Little Owen has some gas problems.
It’s not unexpected, I mean, the nurses did tell us that newborns have an undeveloped digestive tract. And I do remember that Miles had some issues there.
I’m sure you’re thinking, “Oh but they’re cute little baby toots.”
Not really, though. These are full-blown, rip-roaring FARTS, the kind of thing you’d expect to hear coming from medium-sized cattle. Some of them go on for 5 or 6 seconds, and then when you think the poor boy couldn’t possibly expel any more gas they start again.
If he could walk he’d be cropdusting the living room.
Fortunately, for our sakes, they don’t smell at all.
(I wish I could say the same about the dog, who dines frequently from the trash can these days. Don’t ask.)
I just feel bad for him though. You can tell when he’s in pain because he starts kicking and shaking his little fists. The tough thing is, he can’t always get it out on his own, and sometimes it keeps him from sleeping like he should.
Earlier today, during a particularly bad episode, he found the soft part of my throat with his little fingernails. And thanks to all those good prenatal vitamins, babies do have seriously sharp fingernails. But I don’t blame him, I’d probably want to take it out on somebody too.
We’ve got an array of gas medicines, gripe waters and burping/patting techniques at our disposal. There’s something called “bicycle legs” which is pretty much exactly like it sounds – you pump his legs up and down to, you know, force things to happen and get the gas out. It’s kind of like “burping” him, but you’re burping the other end. If ya know what I mean.
Unfortunatley, there doesn’t seem to really be any good solution to the problem. We just have to wait until his poor little stomach develops some more. If anybody knows of anything else, please feel free to suggest.
In the meantime, next time he’s gassy, we’ll just put the camera on video mode. Who knows, maybe he could be a big YouTube star.
For this “Throwback Thursday” edition, I’m going all the way back to 2009, which occasionally seems like yesterday but often feels like a million years ago.
My best friend Raymond and I got silly and mixed it up with some little kids at the bumper car rink at a town festival.
Those were very different times – pre-marriage, pre-kids. Raymond and his wife Tina recently welcomed their first child into the world, a little girl they named Hattie. She was born just about two weeks before Owen came into ours.
It is unlikely that I would have the great life I have today without all of Ray’s support and encouragement over the years. Actually, impossible, considering he was the one who told me I needed to ask Abbey out in the first place. He also helped me come up with my famous (infamous?) prosposal scheme.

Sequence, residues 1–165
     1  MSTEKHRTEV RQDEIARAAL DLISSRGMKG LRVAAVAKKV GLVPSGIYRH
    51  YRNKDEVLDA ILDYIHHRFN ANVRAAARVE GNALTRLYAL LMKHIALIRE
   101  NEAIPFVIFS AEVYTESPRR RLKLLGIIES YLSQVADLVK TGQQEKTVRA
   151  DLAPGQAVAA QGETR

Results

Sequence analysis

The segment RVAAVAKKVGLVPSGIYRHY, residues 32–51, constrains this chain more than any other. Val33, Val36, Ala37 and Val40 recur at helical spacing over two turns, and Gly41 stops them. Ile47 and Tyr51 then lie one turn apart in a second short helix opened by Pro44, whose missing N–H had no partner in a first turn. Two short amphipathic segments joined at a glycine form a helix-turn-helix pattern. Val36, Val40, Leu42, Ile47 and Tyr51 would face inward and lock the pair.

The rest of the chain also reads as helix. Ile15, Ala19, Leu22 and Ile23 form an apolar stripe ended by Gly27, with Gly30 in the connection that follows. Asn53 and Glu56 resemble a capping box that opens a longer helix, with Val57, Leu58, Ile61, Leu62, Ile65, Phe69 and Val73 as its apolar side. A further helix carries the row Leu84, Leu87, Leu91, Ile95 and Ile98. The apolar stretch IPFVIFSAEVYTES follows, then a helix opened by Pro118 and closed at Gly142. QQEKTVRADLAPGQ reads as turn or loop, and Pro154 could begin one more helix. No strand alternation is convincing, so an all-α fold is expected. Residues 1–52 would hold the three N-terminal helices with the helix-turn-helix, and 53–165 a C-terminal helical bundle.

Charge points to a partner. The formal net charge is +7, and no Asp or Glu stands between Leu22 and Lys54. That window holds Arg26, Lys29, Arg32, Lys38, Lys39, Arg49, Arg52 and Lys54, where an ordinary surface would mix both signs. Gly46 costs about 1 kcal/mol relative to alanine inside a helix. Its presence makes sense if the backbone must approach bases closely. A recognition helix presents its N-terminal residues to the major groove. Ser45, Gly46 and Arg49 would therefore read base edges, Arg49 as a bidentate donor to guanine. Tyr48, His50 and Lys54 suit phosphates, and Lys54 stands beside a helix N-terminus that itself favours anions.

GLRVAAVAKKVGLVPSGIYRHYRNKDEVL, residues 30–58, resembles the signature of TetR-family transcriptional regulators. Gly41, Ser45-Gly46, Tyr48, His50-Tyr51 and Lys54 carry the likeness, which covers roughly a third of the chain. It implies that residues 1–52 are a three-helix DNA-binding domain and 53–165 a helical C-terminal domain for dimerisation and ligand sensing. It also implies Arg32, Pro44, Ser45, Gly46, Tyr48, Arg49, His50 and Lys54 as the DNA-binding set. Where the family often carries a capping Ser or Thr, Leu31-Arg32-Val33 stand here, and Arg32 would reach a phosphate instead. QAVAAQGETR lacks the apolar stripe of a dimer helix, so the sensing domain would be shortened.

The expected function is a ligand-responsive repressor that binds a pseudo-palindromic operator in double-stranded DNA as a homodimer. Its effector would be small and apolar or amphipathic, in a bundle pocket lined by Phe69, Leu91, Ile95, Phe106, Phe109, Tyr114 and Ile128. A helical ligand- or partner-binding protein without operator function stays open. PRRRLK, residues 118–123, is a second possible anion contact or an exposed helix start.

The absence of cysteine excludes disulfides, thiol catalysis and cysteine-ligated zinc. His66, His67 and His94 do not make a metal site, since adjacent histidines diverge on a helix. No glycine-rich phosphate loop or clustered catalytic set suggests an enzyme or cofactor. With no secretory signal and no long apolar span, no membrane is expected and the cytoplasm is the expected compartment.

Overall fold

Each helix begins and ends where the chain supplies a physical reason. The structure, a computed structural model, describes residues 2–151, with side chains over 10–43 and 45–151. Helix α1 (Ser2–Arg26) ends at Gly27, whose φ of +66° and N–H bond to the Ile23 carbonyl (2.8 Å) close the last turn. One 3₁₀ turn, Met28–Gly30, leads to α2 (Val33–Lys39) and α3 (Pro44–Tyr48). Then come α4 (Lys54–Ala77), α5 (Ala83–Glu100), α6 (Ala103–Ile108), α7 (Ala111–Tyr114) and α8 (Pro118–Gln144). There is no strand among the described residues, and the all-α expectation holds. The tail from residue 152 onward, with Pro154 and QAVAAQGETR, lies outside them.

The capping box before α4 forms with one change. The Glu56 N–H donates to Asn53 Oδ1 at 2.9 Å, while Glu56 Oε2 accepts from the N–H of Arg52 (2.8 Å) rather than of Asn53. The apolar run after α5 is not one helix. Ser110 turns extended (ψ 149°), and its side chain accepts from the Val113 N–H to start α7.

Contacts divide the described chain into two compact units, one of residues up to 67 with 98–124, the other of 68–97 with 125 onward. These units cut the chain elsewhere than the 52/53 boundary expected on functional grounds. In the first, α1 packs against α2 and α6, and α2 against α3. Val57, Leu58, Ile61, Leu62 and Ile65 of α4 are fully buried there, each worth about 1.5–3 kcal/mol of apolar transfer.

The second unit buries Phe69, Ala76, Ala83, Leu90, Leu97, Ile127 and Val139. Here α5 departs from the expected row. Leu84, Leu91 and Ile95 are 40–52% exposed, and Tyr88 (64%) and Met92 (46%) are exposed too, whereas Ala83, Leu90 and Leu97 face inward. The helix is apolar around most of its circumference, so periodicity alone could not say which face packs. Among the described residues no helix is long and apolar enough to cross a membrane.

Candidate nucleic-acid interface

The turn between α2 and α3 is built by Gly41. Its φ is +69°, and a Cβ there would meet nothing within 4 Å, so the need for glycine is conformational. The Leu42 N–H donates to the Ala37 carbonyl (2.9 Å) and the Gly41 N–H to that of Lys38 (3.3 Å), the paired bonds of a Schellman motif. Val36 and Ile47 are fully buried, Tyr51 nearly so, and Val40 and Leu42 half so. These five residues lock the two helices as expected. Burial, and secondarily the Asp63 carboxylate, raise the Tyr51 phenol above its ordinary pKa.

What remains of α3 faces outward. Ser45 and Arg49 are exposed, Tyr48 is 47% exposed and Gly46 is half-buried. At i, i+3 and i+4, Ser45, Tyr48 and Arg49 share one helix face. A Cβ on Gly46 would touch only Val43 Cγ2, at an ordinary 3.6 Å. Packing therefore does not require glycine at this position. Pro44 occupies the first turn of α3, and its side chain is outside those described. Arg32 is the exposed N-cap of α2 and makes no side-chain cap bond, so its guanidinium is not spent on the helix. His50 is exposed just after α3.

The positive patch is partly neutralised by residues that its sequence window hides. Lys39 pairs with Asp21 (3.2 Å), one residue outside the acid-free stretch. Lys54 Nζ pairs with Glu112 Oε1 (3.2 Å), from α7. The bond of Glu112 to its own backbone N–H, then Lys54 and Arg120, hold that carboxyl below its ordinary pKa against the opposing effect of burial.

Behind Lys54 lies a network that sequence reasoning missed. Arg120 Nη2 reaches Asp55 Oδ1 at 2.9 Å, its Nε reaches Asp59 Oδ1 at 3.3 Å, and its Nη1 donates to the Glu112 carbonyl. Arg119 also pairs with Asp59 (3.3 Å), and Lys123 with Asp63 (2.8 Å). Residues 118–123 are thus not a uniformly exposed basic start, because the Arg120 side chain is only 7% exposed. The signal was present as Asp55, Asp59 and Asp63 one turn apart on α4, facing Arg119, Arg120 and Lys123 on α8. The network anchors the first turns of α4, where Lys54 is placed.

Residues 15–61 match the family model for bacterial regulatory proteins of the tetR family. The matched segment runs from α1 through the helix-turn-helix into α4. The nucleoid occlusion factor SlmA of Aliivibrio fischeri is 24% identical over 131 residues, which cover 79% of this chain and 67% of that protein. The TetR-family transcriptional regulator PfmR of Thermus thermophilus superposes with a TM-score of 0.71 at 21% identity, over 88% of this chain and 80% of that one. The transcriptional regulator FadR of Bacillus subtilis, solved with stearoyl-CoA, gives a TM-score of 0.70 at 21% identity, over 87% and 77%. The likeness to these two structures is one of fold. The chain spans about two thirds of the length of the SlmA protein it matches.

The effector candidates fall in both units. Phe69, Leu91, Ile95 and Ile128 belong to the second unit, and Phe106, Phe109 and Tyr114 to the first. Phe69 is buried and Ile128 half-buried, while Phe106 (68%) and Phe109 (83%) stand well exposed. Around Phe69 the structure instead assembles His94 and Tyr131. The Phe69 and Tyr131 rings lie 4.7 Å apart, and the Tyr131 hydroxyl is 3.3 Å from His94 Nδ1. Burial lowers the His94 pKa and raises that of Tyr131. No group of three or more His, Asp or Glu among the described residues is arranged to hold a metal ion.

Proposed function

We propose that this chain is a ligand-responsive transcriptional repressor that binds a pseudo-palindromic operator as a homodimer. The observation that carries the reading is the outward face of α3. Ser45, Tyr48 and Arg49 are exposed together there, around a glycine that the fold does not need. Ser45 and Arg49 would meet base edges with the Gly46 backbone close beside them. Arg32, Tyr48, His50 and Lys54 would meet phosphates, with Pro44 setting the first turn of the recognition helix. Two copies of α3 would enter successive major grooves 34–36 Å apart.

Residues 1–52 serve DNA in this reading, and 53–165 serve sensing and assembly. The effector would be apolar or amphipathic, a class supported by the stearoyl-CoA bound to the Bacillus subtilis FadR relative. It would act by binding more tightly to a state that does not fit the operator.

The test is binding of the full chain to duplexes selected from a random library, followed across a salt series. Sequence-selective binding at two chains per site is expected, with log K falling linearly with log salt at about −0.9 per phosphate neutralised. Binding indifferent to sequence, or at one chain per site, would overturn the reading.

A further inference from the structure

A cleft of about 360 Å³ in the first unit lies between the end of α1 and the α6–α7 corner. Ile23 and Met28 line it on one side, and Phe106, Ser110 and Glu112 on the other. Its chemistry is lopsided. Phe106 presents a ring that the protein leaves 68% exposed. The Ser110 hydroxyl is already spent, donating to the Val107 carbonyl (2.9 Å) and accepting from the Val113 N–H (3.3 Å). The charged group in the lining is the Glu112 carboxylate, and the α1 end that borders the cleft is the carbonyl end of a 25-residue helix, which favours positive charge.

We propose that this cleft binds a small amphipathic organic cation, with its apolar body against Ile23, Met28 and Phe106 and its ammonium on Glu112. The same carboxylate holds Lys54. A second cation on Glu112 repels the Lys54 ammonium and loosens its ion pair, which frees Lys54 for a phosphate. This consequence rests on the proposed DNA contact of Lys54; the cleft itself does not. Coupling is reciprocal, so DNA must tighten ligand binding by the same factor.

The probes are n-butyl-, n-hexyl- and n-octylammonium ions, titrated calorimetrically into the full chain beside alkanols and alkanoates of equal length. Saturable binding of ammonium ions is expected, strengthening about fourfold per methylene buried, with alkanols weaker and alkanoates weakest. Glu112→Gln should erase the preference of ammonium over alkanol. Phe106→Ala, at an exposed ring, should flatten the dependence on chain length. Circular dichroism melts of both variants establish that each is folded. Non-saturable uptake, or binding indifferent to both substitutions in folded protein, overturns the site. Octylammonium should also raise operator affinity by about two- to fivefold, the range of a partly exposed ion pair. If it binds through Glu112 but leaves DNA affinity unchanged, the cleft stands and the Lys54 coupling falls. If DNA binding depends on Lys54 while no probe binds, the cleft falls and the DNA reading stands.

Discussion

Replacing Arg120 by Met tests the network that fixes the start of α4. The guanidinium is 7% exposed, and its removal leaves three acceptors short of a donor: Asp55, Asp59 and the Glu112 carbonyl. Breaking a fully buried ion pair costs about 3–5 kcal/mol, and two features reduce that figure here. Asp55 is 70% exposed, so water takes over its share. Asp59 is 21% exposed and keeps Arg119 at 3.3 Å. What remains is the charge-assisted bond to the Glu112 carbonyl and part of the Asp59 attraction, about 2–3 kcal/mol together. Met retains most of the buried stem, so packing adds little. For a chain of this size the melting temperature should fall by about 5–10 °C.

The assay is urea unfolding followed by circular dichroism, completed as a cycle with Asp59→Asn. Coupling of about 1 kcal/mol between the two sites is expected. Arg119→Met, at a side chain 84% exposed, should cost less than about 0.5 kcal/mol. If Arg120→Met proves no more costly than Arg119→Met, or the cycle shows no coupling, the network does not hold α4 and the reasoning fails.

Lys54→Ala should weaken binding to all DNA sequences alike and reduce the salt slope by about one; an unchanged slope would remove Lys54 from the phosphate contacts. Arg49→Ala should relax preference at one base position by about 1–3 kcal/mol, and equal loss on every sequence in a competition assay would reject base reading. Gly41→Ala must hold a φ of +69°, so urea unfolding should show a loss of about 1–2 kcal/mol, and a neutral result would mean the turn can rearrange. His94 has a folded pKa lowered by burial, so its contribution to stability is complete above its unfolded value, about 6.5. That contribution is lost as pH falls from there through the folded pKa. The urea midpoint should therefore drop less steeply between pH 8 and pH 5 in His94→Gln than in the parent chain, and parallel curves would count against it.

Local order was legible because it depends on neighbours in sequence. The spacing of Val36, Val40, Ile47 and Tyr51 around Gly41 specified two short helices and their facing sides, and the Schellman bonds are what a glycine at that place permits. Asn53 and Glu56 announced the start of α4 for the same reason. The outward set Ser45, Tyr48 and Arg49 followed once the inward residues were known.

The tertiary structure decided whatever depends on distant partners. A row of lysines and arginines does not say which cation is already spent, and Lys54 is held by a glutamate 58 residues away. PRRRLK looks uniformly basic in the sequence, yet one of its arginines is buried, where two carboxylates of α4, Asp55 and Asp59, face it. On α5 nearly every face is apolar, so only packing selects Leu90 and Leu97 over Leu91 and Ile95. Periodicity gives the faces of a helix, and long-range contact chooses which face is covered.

Raymond and I have always had so many things in common. We even share the same birthday! One of the things we both talked about even then was that we’d like to have families of our own someday.
In your late 20s that all seems so far away. But I’m so happy that we both have kids and families. We frequently tell each other “you are living the dream.” Even though we live a thousand miles away from each other, I’m still proud to call him my best friend.
Three-year-old Miles sure is a roller coaster ride these days.
So when Owen was having newborn pictures taken at home yesterday, and it came time to pick up Miles from preschool, something told me a little field trip was in order.
“I should probably just not bring Miles right back home, huh?” I asked Abbey.
Looking around at all the very breakable camera equipment inhabiting the living room, a vaguely fearful look crossed my wife’s face.
“Oooh, yeah,” she said. “That’s probably a good idea. Take him out for lunch or something. Stay out a while.”
I decided McDonald’s on the west side of town was the place to go. I know, I know, the food is terrible, but with all the energy he expends I figure calorie-burning is not really a problem at this point. Plus they have a great playground there.
I got to St. Theresa’s at the usual pickup time and Miles scampered down the sidewalk with a big smile on his face and practically jumped into my arms.
“Hi, Daddy! I had fun at school today. I hungry!” he said.
“Well, I guess we’re in business then.” I replied. “How about a cheeseburger?”
“Yes daddy! We ARE in biz-i-ness!!!” he said, saying the last word slowly while sizing it up.
(He does this with unfamiliar words all the time. It’s kind of hilarious.)
Anyway, you would not believe this was the same child that just a day ago threw an epic, threw-himself-on-the-floor, kicking-and-screaming tantrum when we picked out the wrong Justice League episode on Netflix.
He said hello to everyone in McDonald’s and went and sat down calmly in his seat. He ate about 90% of his cheeseburger and fries and all of his yogurt, then calmly asked to go play. No tantrums, no begging.
He played really nicely with the other kids, went all the way to the top of the playground set all by himself and didn’t even raise a ruckus when I told him it was time to go.
But the car ride on the way home was the best moment of my day, by far.
“Daddy,” Miles said from his car seat. “Can you hold my hand?”